A class-action lawsuit has been filed against bioelectronic medicine company electroCore, Inc. and some of its officers and directors, alleging they violated federal securities laws by providing false and misleading information to investors about its lead product in the run-up to the company’s IPO. The lawsuit is intended to cover investors who purchased electroCore stock between June 22, 2018 and Sept. 25, 2019.
ElectroCore focuses on non-invasive vagus nerve stimulation therapy, and its lead product gammaCore is used for the acute treatment of pain associated with migraine and episodic cluster headache in adults. However, according to the complaint, the company and it’s its leadership team failed to disclose to investors that gammaCore did not have any advantages over other acute treatments for migraines and episodic cluster headaches.
“The company lacked sufficient clinical data demonstrating that gammaCore was effective and safe for migraine prevention,” said the complaint. “As a result, doctors and patients were unlikely to adopt gammaCore over existing treatments.”
In late June of 2018, electroCore held its IPO and sold just under 6 million shares of common stock at $15.00 per share, and received proceeds of approximately $79.5 million, according to court documents. The firm said the proceeds from the IPO were to be used to commercialize gammaCore products, expand its clinical program into additional indications in headache and rheumatology, and build its specialty distribution channel for the anticipated launch of gammaCore Sapphire.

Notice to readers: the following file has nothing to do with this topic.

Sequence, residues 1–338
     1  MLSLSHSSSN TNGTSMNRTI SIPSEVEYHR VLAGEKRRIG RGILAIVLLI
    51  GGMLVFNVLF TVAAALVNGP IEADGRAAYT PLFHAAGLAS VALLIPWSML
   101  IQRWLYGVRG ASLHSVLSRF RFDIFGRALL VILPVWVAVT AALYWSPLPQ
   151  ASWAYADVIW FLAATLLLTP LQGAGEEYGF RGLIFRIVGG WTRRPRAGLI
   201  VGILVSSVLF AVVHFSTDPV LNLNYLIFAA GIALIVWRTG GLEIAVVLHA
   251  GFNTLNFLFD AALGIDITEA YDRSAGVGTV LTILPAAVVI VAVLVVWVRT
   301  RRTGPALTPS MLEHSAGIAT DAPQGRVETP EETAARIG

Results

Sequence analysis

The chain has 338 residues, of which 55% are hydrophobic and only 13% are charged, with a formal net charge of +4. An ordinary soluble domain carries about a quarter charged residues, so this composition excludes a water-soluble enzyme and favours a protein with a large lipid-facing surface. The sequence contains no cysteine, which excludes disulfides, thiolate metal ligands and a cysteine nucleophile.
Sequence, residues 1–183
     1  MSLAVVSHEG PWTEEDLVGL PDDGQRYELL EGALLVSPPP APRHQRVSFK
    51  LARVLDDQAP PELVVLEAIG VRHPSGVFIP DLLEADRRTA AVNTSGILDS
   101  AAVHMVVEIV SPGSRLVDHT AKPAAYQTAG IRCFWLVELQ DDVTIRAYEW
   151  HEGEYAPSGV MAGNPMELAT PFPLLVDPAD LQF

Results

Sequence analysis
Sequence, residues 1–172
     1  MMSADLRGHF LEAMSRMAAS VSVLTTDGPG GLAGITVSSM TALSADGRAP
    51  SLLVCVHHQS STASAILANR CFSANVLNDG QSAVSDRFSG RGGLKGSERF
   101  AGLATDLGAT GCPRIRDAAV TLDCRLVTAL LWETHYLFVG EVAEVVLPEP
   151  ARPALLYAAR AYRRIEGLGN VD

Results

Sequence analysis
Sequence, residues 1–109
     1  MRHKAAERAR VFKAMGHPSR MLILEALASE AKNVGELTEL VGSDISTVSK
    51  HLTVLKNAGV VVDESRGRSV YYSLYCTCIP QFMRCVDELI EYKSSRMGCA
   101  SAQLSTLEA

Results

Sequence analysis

But in May of this year, the company announced first quarter 2019 financial results that missed expectations, reporting $410,000 net sales and an operating loss of $14.2 million. As a result of the disappointing results, electroCore’s shares fell $1.58, or nearly 30%, to close at $3.75 on May 15.
Adding to the company’s woes, it reported last month that the US Food and Drug Administration requested more information and analysis of clinical data for electroCore’s 510(k) submission, which was seeking an expanded indication for the use of gammaCore. As a result of the news, the company’s share price fell more than 23%, to close at $2.57 per share on Sept. 25.
According to the complaint, by the time lawsuit against electroCore stock was filed, its stock was trading as low as $1.25 per share, a nearly 92% drop from the $15 per share IPO price.
The plaintiffs argue that the company’s IPO registration statement was false and misleading and omitted material adverse facts.
“The company lacked sufficient resources to successfully commercialize gammaCore, and its business plan and strategy was not sustainable because electroCore lacked sufficient revenue to be profitable,” said the complaint. “As a result of defendants’ wrongful acts and omissions, and the precipitous decline in the market value of the company’s securities, the plaintiff and other class members have suffered significant losses and damages.”
By Michael Katz